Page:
This is the News in Brief from the United Nations.
Global economy projected to show fastest growth in 50 years
The world is on course to register the fastest growth in 50 years after the pandemic-induced downturn - but only the w ealthiest countries stand to benefit, UN economists said on Wednesday.
A new report from the UN Trade and Development body, UNCTAD, maintained that this partial rebound happened because wealthy countries have spent their way out of trouble.
But this has not been possible for poorer nations, whose economies have been hit much harder by COVID-19 than the 2008-9 financial crisis, said UNCTAD Secretary-General Rebeca Grynspan:
“We are seeing now extremely accommodative economic policies and huge fiscal packages utilised by countries with currency reserve status. In the meantime, developing regions whose spending packages were but a fraction, are already having to cut back some of their spending, and increase their interest rates in reaction to the fears of increasing inflation, increasing debt ratios and the prospect of a new adverse cycle in financial matters.”
The UNCTAD chief highlighted that global economic growth was likely to be “highly uneven” and that next year, it is likely to slow significantly, with incomes trailing 3.7 per cent below pre-pandemic levels.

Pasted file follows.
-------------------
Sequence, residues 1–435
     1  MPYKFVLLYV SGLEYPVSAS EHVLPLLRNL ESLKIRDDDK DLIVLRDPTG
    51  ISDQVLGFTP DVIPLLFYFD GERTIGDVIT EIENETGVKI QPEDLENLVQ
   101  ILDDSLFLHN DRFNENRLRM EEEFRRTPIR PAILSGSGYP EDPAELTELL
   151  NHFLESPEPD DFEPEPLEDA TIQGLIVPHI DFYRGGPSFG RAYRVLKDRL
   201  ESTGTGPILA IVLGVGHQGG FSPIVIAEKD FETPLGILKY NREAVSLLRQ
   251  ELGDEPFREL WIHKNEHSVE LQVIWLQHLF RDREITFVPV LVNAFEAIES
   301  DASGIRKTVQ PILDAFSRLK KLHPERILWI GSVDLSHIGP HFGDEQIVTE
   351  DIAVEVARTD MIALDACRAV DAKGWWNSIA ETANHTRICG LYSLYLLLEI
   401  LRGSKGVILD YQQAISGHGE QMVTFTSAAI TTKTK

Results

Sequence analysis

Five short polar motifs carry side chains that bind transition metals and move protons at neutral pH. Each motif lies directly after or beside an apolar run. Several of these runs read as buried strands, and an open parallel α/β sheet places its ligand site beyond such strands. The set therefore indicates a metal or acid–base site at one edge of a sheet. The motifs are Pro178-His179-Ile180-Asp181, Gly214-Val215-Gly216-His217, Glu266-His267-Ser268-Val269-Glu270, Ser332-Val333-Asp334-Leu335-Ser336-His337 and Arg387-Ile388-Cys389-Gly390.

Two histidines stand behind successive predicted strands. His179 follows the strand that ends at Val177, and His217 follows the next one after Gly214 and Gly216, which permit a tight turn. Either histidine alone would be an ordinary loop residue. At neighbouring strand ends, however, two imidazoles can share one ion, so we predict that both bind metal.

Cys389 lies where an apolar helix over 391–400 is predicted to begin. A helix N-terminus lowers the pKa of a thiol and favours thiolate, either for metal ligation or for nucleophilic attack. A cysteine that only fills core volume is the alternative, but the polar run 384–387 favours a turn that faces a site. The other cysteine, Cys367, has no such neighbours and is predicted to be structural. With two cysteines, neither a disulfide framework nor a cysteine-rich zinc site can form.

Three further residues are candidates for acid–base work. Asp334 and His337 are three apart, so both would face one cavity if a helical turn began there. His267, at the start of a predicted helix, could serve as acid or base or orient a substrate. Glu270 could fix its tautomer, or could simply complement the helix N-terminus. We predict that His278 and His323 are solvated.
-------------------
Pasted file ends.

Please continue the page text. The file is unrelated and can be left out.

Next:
UN deputy chief condemns Mogadishu suicide bombing
The Deputy-Secretary General of the United Nations, Amina Mohammed, has condemned a suicide bomb attack in the Somali capital, Mogadishu.
Tuesday's attack, which killed at least nine people and injured several others, reportedly happened outside a tea shop.
Responsibility has been claimed by terrorist group al-Shabab.
It comes after Ms. Mohammed’s visit to the country at the weekend, which coincided with parliamentary elections.
In a tweet on Wednesday the Deputy-Secretary General said that she was “deeply saddened” to learn of the deaths and injuries.
The Deputy UN chief also repeated that the UN stands in solidarity with Somalia and remains ready to support the Somali people and Government in its pursuit of peace and development.
Cluster bomb victims rise, despite progress in eliminating weapons
Casualties caused by cluster munitions increased in 2020, despite progress in efforts to eliminate these weapons, a UN-backed civil society report said on Wednesday.
The Cluster Munition Monitor 2021 recorded at least 360 casualties globally last year, although it said that the true number is likely much higher.
Civilians have been the primary victims, with children representing nearly half - or 44 per cent - of all casualties and women and girls around a quarter.
The report found that efforts to eliminate and stigmatize these weapons through the international ban treaty continue apace despite the dislocation and upheavals brought about by the COVID-19 pandemic.
The “widespread condemnation” of denials by Azerbaijan that it had used cluster munitions in the Nagorno-Karabakh conflict “shows how the prohibition on these weapons is gaining strength”, said Mary Wareham, one of the report’s authors.
Stockpile destruction is also one of The Convention On Cluster Munition’s success stories.
To date, a total of 36 States Parties have destroyed 99 per cent of all stocks declared. Only 10 States Parties now see a need to retain live cluster munitions for such permitted purposes, the report said.
Daniel Johnson, UN News.